Dungeons and Dragons uses a simple currency system. Currency comes in the form of metal coins. The four most common are copper pieces, silver pieces, gold pieces, and platinum pieces. Other denominations exist, but they’re used less commonly.
Gold pieces (gp) are the currency which adventurers will use most commonly. A gold piece can buy a spear, 50 ft. of rope, 20 arrows, two days of trail rations, or a goat. A skilled artisan can earn roughly a gold piece for a days work.
Gold pieces are the standard measure for wealth and for the cost of items, and items available for sale are listed in rulebooks with their cost listed in gold pieces unless the item costs less than a gold piece. NPCs you encounter do most of their business in smaller denominations because most day-to-day goods like food and clothes cost less than a gold piece, but merchants typically discuss trades and large exchanges in gold pieces.
One gold piece is worth 10 silver pieces (sp). Silver pieces are the most common denomination used for day-to-day trade between commoners. A single silver piece buys the work of an unskilled laborer for a day, a flask of lamp oil, a club, a stay at a cheap inn, or other similarly commonplace things.
One silver piece is worth 10 copper pieces, which are the smallest denomination of currency. They are commonly traded among unskilled laborers, beggars, and other poor people. A single copper can buy a candle, a torch, or a piece of chalk. Adventurers trade in copper pieces only rarely, typically using them to buy cheap items like torches which they often need in large quantities.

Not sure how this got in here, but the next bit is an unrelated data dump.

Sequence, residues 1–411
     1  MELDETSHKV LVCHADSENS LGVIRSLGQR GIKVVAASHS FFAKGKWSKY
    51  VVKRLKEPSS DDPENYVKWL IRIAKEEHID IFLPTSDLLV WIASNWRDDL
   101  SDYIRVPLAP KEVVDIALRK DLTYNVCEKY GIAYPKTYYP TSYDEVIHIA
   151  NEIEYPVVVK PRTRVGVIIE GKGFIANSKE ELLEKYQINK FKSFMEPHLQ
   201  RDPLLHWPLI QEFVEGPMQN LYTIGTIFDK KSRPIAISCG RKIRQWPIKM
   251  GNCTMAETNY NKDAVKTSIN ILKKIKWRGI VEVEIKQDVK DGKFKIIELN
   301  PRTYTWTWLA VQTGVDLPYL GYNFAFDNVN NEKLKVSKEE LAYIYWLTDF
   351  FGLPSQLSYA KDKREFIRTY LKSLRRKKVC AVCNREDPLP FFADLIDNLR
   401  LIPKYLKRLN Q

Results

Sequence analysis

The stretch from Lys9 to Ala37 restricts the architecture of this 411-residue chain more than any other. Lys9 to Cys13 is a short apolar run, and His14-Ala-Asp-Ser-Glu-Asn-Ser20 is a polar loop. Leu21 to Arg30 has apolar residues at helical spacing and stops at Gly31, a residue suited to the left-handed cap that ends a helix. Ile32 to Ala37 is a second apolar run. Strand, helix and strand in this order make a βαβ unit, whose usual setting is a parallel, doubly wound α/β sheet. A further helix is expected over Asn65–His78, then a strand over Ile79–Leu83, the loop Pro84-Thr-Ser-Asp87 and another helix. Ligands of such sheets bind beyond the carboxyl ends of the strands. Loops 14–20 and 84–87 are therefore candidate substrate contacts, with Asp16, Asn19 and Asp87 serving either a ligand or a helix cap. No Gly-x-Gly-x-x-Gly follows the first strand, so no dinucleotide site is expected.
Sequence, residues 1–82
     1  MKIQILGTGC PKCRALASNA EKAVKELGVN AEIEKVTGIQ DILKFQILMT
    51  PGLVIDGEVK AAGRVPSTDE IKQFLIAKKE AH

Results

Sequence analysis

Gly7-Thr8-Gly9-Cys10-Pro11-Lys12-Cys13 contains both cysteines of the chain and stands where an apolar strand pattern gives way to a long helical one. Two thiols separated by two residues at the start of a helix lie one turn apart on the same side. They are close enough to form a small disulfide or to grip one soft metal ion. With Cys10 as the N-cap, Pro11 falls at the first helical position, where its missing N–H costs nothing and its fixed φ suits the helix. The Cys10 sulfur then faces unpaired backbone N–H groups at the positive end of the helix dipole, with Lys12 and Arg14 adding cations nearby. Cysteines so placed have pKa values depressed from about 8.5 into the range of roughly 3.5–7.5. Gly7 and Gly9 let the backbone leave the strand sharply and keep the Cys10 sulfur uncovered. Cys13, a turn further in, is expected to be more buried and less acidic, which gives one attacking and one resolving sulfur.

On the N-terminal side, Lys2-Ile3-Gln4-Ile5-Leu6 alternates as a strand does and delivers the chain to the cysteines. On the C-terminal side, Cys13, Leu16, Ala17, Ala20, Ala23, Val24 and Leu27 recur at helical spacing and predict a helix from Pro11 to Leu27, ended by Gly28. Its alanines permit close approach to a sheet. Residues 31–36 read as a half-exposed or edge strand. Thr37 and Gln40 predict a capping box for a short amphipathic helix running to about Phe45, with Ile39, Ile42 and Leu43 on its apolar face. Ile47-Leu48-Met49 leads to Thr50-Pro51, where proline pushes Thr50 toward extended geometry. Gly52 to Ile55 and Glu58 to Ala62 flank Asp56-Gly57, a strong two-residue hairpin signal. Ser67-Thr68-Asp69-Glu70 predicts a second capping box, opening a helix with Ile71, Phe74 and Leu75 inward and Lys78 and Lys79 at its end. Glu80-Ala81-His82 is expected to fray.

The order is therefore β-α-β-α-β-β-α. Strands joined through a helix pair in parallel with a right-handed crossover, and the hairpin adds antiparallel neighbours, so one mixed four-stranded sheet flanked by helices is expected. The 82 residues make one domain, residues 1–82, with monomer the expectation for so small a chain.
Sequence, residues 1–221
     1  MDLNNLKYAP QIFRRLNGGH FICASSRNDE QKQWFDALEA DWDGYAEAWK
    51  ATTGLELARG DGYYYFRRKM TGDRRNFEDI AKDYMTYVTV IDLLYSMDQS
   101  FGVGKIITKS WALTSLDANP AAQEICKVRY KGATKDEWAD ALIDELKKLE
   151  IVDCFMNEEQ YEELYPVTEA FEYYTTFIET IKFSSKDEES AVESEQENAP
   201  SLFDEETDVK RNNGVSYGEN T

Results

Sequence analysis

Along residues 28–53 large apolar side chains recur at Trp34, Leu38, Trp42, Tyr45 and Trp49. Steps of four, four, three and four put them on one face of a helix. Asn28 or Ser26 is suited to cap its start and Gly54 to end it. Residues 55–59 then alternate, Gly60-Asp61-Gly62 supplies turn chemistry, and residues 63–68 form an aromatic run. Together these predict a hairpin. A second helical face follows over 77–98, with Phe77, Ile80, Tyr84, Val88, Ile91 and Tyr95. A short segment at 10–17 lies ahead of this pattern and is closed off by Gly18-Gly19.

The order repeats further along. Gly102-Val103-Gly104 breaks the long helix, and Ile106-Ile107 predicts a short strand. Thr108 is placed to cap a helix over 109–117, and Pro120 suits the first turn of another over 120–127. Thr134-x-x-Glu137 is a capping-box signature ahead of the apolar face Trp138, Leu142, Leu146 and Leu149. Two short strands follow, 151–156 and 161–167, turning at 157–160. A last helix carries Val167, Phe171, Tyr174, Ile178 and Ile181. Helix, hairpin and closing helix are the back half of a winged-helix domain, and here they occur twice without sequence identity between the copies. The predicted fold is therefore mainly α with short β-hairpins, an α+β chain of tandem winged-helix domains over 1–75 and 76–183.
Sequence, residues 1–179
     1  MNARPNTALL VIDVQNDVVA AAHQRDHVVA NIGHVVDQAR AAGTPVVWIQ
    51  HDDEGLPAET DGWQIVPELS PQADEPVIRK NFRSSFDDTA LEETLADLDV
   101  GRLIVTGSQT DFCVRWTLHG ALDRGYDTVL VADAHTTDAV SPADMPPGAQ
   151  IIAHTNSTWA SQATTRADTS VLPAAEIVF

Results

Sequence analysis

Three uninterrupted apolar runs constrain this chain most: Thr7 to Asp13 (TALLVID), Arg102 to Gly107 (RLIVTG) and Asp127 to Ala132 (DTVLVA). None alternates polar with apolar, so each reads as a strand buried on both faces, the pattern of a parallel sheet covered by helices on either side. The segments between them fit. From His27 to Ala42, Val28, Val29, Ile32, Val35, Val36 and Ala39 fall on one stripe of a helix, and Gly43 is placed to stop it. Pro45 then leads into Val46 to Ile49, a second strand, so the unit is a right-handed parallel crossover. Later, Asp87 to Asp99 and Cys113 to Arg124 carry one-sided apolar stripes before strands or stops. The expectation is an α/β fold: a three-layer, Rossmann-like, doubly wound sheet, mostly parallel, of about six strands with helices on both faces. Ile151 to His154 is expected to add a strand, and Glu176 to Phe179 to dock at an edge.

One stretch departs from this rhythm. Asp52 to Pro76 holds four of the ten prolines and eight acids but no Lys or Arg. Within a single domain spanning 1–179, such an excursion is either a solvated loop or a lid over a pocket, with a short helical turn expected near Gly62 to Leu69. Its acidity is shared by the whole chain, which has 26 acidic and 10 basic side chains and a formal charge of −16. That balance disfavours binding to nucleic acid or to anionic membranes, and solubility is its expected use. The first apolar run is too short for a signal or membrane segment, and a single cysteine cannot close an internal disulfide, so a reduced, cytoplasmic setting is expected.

Two other denominations of coin also exist, but are used only rarely. Platinum pieces (pp) are worth 10 gold pieces. They’re too valuable to be used by common folk, but they’re great for transporting large quantities of money, and for adventurers who commonly carry large amounts of coin in their travels, they are a useful asset.
The fifth and least common form of coin are electrum pieces (ep), worth 5 silver pieces each. Electrum pieces are frustrating to use due to their unusual value. In fact, they’re so frustrating that Strahd, the evil vampire lord of Ravenloft, forces his subjects to use electrum pieces instead of gold specifically to make their lives harder.
50 coins of any denomination weigh roughly one pound, and coins are roughly the size of a real-world U.S. quarter. People who are good at math and know how much metal weighs will notice immediately that this doesn’t make real-world sense, so if this bothers you, just imagine that the coins are alloys of some sort like real-world coins are.
If you have trouble remembering the denominations, it’s easy to compare them to real-world U.S. currency. A gold piece is a dollar, a silver piece is a dime, and a copper piece is a penny. Trading is done in gold pieces in the same way that real-world trading is done in dollars. Even though larger denominations exist, you don’t discuss prices in those denominations. You don’t buy a shirt or something for “one ten dollars” or “one platinum piece”, you buy it for 10 dollars or 10 gold, and you can pay with a ten dollar bill if you happen to have one.
Other forms of currency also exist. At extremely large quantities of wealth, characters might trade in bars of gold or platinum, or in bank documents or other less-tangible forms of money. These are uncommon day-to-day, but these forms of wealth do exist in some settings.
Some settings also include region-specific currencies. These currencies might be made from unusual materials and come in odd shapes, but they typically have and equivalent value in more common coinage.